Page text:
Les Claypool: ‘Of Fungi and Foe’

Album: Of Fungi and Foe
Artist : Les Claypool
Genre: Experimental Rock (?)
Release Date: March 17, 2009
Label: Prawn Song
ZME Rating: 5/10
Website: www.lesclaypool.com


Welcome one and all to my first article for ZMEmusic.com. My name Is Jon Collins, and I’ll be your humble Reviewer for the duration of the….. uh, review. I hope this turns into a regular thing for me, so any ‘helpful’ feedback you, dear reader, wish to plaster me with, I say plaster away. I’ll take all I can get.

As a fan of the ‘Odd and Unusual’, I thought it fitting to take a look at an album that definitely dwells smack-dab in the thick of that musical domain. I’m talking about Primus frontman Les Claypool‘s new solo release “Of Fungi and Foe“.

While not everyones proverbial cup of tea, Les Claypool has been entertaining the hell out of people (Ok, some people) since the late 80’s with his trademark hillbilly sing/speak storytelling vocals paired to experimental prog-rock/metal insanity. I’ll tell you one thing: whoever Claypool writes this music for, it certainly isn’t the radio-listening public. As with the entire Primus discography, “Of Fungi and Foe” fits exactly in the “What the Hell is This?” category for most casual music listeners.

While being involved in numerous side projects apart from the now-in-hiatus Primus, this is technically his second solo effort after the similarly titled “Of Whale and Woe“, released in 2006. This new, 12 track album was born from soundtrack work he did for the “Mushroom Men” series of video games, and the horror film “Pig Hunt“, which, interestingly enough, chronicles a hunting trip gone heinously wrong when the protagonists find themselves caught up in a backwoods world of rednecks,drugs and a crazy girl-cult that worships a 1600 kg killer boar they call “The Ripper”. Sounds like Claypool material on both accounts.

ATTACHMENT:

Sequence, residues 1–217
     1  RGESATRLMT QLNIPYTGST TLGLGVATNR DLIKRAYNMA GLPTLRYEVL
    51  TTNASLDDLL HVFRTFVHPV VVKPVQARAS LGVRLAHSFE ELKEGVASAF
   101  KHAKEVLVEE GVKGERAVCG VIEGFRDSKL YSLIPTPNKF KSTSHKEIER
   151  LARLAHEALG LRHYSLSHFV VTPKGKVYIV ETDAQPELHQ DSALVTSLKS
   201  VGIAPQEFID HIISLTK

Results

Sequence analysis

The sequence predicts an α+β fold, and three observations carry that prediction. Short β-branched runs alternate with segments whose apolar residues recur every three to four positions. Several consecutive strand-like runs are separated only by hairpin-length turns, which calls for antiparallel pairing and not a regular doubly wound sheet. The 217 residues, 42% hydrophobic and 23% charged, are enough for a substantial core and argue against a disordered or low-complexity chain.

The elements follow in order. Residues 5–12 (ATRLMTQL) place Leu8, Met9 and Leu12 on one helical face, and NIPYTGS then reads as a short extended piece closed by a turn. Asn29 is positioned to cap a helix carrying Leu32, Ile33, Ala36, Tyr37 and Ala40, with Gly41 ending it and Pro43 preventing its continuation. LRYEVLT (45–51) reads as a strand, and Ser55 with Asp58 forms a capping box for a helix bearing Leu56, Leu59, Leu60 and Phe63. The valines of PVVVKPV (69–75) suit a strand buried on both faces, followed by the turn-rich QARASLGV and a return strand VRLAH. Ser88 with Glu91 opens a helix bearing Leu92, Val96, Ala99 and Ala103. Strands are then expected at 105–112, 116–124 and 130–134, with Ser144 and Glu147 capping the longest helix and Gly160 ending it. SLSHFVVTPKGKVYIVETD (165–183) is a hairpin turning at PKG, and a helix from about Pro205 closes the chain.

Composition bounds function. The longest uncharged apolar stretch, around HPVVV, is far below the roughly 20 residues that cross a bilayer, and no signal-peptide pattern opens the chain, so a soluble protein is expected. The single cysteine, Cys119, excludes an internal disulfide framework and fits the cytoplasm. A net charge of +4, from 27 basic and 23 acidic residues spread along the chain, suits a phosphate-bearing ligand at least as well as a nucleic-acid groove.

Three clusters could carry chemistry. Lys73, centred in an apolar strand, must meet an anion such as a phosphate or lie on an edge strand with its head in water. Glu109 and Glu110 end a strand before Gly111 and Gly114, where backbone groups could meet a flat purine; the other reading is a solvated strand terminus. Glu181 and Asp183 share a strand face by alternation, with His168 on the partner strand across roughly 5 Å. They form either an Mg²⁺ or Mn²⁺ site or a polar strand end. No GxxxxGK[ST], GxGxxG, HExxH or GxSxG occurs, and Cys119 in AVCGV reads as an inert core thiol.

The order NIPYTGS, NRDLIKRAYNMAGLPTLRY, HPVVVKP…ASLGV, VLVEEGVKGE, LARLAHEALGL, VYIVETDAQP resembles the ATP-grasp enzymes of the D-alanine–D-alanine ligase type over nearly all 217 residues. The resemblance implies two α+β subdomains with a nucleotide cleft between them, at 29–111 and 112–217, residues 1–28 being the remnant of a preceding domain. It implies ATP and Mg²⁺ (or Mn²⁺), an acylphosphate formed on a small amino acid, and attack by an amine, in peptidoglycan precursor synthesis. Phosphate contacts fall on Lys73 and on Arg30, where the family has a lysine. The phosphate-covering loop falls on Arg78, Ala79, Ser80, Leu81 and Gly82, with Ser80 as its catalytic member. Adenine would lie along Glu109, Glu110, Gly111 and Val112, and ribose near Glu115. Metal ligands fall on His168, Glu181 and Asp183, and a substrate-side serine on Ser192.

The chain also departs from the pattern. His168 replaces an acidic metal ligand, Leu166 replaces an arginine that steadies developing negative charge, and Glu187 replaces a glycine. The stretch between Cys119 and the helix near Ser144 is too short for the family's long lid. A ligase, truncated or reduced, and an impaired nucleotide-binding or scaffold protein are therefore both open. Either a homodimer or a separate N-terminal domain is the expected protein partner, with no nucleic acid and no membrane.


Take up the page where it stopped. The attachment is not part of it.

It’s pretty obvious which tracks hailed from the short ambient loop-pieces Claypool originally created for the “Mushroom Men” without having played any of the games. The entire album has an almost childish, swampy/voodoo/carnival vibe, which isn’t necessarily a bad thing (Unless, that is, you happen to hate that sort of thing). I can really hear the Waits influence throughout, which makes sense as Claypool has worked with Waits on multiple occasions. The first two tracks, “Mushroom Men“, and “Amanitas” (The latter being the genus of fungi that accounts for 90% of all fungi related human fatalities world wide. Look at that. We’re learning too.) attempt to transport the listener into the toxic, tribal, swampy soundscape that you’ll either find eccentrically quirky or annoying. “Mushroom Men“, in particular, has a very simple ‘videogame soundtrack’ feel, which can grate on the ears after hearing it more than two or three times. Actually, scratch that. It sounds like a full-on theme song, much like the “Robot Chicken” theme, only you wouldn’t want to hear this every week. The playful xylophone action and rhythmic hand drums lend to the ambience he’s going for, but the repetitive “Ma-ma-ma Mushroom Men” gets pretty old, pretty fast. “Amanitas” is like a    ‘shroom trip gone way bad, and is only somewhat more enjoyable than the first track.